The Nobel Peace Medal in Canada and the Obligations of Leadership

Tasneem Jamal

Author
Ernie Regehr

The Ploughshares Monitor Autumn 2007 Volume 28 Issue 3

An international experts workshop on “Revitalizing Nuclear Disarmament” was held 5-7 July 2007 in Pugwash, Nova Scotia to celebrate the fiftieth anniversary of the first Pugwash Conference. Among the speakers was Ernie Regehr, Senior Policy Advisor with Project Ploughshares.

Central to the celebrations was a ceremony to present to the Pugwash Peace Exchange the 1995 Nobel Peace Prize medal awarded to Pugwash and Joseph Rotblat. The Pugwash Peace Exchange is a Canadian initiative to build an “interpretive, education and research facility, based on the history and work of the Pugwash Conferences.” The medal will be housed at this facility.

The 22 participants of the first Pugwash meeting were responding to the manifesto issued in 1955 by Bertrand Russell and Albert Einstein. Troubled by the toxic mixture of nuclear weapons and escalating East-West suspicion and enmity, Russell and Einstein wrote:

Most of us are not neutral in feeling, but, as human beings, we have to remember that, if the issues between East and West are to be decided in any manner that can give any possible satisfaction to anybody, whether Communist or anti-Communist, whether Asian or European or American, whether White or Black, then these issues must not be decided by war. We should wish this to be understood, both in the East and in the West.

There lies before us, if we choose, continual progress in happiness, knowledge, and wisdom. Shall we, instead, choose death, because we cannot forget our quarrels? We appeal as human beings to human beings: Remember your humanity, and forget the rest. If you can do so, the way lies open to a new Paradise; if you cannot, there lies before you the risk of universal death.

In view of the fact that in any future world war nuclear weapons will certainly be employed, and that such weapons threaten the continued existence of mankind, we urge the governments of the world to realize, and to acknowledge publicly, that their purpose cannot be furthered by a world war, and we urge them, consequently, to find peaceful means for the settlement of all matters of dispute between them.

At the 2007 anniversary workshop it was again made clear that the “risk of universal death” is in fact much greater now than it was in 1957. While nuclear arsenals have been reduced from the peak reached in the 1980s, they are much larger than they were when Russell and Einstein issued their warning.

As they did in 1957, the 2007 Pugwash experts set out an agenda for nuclear disarmament that is achievable and most certainly urgent. As the conference noted, “Every minute of every day, more than 26000 nuclear weapons — many thousands of them on hair-trigger alert — are poised to bring monumental destruction if they are ever used.”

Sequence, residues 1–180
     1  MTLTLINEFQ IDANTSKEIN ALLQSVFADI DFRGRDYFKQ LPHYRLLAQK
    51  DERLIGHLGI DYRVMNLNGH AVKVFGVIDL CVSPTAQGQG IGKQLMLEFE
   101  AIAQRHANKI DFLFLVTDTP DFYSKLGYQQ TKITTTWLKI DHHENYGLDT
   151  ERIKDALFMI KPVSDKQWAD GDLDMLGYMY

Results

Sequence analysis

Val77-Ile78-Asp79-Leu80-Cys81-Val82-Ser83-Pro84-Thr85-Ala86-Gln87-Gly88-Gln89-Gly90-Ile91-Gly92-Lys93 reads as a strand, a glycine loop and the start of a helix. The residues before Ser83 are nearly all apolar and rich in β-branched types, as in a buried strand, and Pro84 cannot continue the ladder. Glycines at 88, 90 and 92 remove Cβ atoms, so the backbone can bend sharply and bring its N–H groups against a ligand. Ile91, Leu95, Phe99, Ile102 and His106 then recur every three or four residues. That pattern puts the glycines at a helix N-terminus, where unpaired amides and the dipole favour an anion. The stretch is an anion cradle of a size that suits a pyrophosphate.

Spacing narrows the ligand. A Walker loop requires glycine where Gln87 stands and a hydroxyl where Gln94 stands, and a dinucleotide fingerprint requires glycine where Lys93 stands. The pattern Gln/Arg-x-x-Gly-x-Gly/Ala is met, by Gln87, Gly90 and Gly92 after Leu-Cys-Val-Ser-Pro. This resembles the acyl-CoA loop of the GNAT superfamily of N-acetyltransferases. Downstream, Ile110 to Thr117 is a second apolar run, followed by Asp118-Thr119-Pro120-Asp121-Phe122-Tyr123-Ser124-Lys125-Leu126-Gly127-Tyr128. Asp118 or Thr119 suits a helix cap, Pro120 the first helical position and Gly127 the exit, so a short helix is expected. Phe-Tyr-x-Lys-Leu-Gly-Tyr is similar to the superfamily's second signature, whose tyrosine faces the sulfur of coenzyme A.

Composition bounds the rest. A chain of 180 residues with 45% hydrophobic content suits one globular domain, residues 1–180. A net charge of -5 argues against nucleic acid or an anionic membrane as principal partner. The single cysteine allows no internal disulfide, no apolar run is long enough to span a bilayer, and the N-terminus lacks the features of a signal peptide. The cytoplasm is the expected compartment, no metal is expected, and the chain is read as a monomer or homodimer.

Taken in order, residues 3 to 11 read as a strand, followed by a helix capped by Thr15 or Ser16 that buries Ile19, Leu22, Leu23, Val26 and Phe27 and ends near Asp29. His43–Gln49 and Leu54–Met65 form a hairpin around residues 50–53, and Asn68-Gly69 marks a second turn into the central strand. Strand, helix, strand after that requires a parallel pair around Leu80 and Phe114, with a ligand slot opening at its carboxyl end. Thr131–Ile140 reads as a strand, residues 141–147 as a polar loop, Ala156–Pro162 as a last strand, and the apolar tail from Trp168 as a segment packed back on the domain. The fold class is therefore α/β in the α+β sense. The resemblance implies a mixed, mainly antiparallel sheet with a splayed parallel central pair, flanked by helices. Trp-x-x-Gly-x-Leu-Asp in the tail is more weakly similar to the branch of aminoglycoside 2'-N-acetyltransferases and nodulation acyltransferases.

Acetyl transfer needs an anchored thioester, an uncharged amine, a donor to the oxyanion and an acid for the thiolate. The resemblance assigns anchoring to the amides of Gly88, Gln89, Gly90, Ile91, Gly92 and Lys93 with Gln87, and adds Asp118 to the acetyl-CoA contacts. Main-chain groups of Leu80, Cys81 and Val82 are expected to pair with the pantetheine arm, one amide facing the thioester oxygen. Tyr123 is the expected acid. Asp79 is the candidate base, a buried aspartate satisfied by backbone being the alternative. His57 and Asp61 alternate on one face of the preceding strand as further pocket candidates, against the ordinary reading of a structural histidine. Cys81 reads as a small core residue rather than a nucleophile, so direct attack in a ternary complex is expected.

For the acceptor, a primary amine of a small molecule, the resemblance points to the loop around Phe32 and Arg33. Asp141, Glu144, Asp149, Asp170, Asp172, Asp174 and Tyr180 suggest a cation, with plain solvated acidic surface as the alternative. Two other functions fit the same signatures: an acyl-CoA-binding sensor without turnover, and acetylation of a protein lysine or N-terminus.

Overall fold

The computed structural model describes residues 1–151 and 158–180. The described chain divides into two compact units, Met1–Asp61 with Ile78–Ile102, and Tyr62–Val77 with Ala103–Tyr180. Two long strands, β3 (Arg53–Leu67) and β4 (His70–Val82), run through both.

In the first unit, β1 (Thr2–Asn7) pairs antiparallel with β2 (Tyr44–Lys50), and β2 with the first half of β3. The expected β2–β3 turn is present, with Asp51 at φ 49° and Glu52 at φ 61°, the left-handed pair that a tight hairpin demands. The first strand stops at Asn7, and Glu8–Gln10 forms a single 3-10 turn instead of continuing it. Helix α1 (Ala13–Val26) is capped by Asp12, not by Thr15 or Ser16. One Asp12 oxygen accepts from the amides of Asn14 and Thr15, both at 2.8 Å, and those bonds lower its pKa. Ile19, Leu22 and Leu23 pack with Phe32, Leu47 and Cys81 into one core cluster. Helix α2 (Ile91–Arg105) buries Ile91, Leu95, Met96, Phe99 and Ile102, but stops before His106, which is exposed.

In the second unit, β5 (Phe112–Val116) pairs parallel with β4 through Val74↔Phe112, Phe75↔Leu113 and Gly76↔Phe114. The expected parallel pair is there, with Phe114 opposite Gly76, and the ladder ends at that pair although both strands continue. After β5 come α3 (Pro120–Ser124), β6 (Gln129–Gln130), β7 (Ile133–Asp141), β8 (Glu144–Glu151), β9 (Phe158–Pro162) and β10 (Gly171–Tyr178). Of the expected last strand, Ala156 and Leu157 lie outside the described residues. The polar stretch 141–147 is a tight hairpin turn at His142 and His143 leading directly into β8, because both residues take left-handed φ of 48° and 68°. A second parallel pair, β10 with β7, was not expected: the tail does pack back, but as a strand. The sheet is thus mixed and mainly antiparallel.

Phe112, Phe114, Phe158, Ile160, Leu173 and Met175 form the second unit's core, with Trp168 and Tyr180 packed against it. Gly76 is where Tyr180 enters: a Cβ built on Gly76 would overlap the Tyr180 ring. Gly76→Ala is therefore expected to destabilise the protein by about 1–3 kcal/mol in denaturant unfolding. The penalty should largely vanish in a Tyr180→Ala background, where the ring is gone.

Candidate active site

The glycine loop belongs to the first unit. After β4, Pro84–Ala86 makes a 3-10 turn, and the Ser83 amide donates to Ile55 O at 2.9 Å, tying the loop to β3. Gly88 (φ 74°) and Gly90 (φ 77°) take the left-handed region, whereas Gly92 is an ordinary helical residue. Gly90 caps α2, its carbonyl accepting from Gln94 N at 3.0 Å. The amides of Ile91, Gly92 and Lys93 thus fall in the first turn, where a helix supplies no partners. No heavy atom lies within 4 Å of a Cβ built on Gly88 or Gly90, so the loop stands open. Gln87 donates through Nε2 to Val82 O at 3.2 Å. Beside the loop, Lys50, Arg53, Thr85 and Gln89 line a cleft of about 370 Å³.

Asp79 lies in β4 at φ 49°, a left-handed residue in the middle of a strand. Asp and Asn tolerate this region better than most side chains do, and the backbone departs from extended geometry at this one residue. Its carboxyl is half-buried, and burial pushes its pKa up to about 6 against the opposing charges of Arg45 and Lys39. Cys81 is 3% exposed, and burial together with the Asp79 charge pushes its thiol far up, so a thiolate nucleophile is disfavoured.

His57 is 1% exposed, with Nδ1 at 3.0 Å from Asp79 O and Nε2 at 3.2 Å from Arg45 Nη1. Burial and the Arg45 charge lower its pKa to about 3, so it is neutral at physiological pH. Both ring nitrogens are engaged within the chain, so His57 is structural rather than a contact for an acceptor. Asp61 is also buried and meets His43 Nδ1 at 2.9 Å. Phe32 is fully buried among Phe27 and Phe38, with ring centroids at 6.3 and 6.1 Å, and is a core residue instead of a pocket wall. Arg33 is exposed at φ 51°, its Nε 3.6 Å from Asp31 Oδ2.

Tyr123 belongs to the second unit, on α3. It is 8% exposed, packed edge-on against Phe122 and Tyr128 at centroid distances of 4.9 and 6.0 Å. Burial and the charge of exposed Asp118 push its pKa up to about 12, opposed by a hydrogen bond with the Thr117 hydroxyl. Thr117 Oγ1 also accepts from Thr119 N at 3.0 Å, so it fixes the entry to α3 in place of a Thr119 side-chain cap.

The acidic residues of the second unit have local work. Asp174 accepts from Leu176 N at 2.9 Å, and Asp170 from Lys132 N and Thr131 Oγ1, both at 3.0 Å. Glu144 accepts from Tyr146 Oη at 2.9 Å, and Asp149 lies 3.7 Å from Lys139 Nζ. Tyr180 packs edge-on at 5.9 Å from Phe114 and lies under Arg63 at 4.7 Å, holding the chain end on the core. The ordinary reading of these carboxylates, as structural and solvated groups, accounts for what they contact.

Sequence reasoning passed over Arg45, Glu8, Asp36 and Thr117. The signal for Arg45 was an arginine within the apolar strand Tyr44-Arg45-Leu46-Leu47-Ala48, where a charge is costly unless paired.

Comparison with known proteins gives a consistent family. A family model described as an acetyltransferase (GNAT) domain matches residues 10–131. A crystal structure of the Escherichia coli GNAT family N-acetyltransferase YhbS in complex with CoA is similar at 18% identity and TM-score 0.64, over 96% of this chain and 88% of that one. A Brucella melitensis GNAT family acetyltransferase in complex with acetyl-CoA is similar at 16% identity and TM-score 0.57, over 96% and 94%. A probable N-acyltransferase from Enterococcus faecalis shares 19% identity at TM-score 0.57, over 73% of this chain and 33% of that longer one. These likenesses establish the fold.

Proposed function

The recommendations from the workshop proposed measures

a) to reduce the risk of accidental use or use in response to a false warning of attack:

  • de-alerting all weapons systems, and
  • US and Russian development of a joint early warning system to reduce the dangers of miscommunication;

b) to restrict nuclear use scenarios:

  • mutual no-first-use commitments by all nuclear weapon states,
  • pledges never to use or threaten to use nuclear weapons against non-nuclear weapon states that are signatory to the Nuclear Non-Proliferation Treaty;

c) for the irreversible reductions of arsenals:

  • cutting US and Russian forces to no more than 1,000 warheads each — a step toward their ultimate elimination as required under the NPT;

d) requiring all NWS not to deploy weapons on foreign soil:

  • thus a call on NATO to remove all US nuclear forces from Europe; and

e) for action on the two most urgent and essential disarmament measures:

  • entry into force of the Comprehensive Test Ban Treaty (CTBT), and
  • the commencement of negotiations on a fissile materials cutoff treaty (FMCT).

At a public dinner, then Foreign Minister Peter MacKay spoke in support of the “13 practical steps” toward nuclear disarmament that were universally agreed in the 2000 Review Conference of the Nuclear Non-Proliferation Treaty and which summarize the essential global nuclear disarmament agenda. The Bush Administration has since specifically repudiated the 13 steps, so the public endorsement by the current Canadian government is to be applauded.

For further reading, visit the Pugwash website.

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